The Brooklyn Nets are 2-10, and though they’ve competed in a few close games recently, are on track to end up in the lottery this season. But the reward that usually couples that ignominy — a high draft pick in the NBA Draft — is long gone, shipped to the Boston Celtics over two years ago as part of a package for Kevin Garnett, and Paul Pierce.
The Celtics legends have both since traveled west, but Brooklyn’s draft pick sticks up north. Nets coach Lionel Hollins, who would surely like a crack at coaching another top young prospect, says the lack of a pick doesn’t bother him.
“I rarely think about that,” Hollins said Friday night in Boston’s TD Garden when asked about the lost pick. “I do. I think more importantly is what we do daily, the foundation that we lay.”
Celtics fans on social media certainly have kept it in mind.
Hollins knew exactly the example that would assuage Boston media. “There’s always second-round picks that are bought. There’s always second-round picks that are traded. There’s free agency. There’s players — I look at (Celtics guard) Isaiah Thomas, he was the last player taken in the draft. He’s become a star.”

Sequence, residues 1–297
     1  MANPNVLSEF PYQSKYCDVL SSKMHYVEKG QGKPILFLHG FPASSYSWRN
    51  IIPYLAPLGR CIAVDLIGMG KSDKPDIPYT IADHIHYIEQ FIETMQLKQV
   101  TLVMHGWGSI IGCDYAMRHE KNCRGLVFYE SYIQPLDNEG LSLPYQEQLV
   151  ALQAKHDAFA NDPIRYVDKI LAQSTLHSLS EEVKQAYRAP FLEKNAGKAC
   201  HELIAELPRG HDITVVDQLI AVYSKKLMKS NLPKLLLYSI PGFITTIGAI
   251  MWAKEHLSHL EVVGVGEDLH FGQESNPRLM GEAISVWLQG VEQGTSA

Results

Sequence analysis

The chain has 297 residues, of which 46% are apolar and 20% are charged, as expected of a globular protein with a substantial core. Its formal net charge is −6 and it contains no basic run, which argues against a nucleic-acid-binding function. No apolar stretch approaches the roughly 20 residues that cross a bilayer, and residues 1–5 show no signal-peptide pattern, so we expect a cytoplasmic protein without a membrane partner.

Thomas indeed was the last player selected in the second round, and has blossomed in Boston. The fifth-year guard is averaging 20.8 points and 6.3 assists in 30.5 minutes per game this season, and would lead the Nets in points per game.
The Nets have a glaring lack of picks unlike any team in the NBA. The team does not control the rights to a draft pick until 2019, first or second round, circumventing the NBA’s rule against trading first-round picks in consecutive years by engineering pick swaps in 2015 and 2017. They drafted the injured Chris McCullough with the 29th pick this past year, after swapping the 15th pick with the 60-win Atlanta Hawks.
The Nets have made multiple moves on draft night in the past few seasons, such as acquiring 23rd overall pick Rondae Hollis-Jefferson this past year. Hollis-Jefferson is now in Hollins’s starting lineup.
“How high you draft and how many first-round picks you have doesn’t necessarily mean success,” Hollins added. “It’s how you choose people that you put on your time and where you find players and how they develop and whether there are players. That’s key. For me, as a coach, my challenge is to lay a foundation of how we’re going to play and get the guys to do it every night.”